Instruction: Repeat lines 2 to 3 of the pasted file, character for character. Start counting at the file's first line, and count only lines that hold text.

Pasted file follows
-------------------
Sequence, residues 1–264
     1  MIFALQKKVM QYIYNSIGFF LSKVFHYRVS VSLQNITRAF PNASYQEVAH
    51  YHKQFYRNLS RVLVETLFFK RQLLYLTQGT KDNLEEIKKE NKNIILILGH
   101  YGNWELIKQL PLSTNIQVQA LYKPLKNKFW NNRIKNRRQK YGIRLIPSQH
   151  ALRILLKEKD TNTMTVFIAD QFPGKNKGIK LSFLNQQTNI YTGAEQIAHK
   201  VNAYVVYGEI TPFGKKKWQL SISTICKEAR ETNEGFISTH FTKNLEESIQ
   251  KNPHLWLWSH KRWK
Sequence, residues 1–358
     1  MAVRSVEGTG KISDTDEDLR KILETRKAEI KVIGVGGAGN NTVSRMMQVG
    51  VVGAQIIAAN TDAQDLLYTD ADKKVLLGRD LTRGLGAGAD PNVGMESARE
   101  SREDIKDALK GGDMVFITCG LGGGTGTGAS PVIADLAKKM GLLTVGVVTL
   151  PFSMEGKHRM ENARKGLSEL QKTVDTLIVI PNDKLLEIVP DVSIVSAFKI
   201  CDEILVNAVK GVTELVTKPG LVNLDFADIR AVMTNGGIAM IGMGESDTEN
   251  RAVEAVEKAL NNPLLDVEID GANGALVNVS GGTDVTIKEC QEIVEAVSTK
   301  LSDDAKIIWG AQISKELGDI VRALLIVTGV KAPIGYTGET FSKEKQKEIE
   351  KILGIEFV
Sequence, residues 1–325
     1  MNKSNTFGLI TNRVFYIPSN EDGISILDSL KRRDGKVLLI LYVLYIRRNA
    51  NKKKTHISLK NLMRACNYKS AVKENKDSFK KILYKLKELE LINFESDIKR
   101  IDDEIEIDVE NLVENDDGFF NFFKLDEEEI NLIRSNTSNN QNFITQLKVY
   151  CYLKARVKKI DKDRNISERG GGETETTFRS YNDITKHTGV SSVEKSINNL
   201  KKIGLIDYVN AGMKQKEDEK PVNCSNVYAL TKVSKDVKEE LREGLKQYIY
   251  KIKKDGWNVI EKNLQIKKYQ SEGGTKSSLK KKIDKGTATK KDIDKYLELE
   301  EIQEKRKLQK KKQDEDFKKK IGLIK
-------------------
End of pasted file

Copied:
     1  MIFALQKKVM QYIYNSIGFF LSKVFHYRVS VSLQNITRAF PNASYQEVAH
    51  YHKQFYRNLS RVLVETLFFK RQLLYLTQGT KDNLEEIKKE NKNIILILGH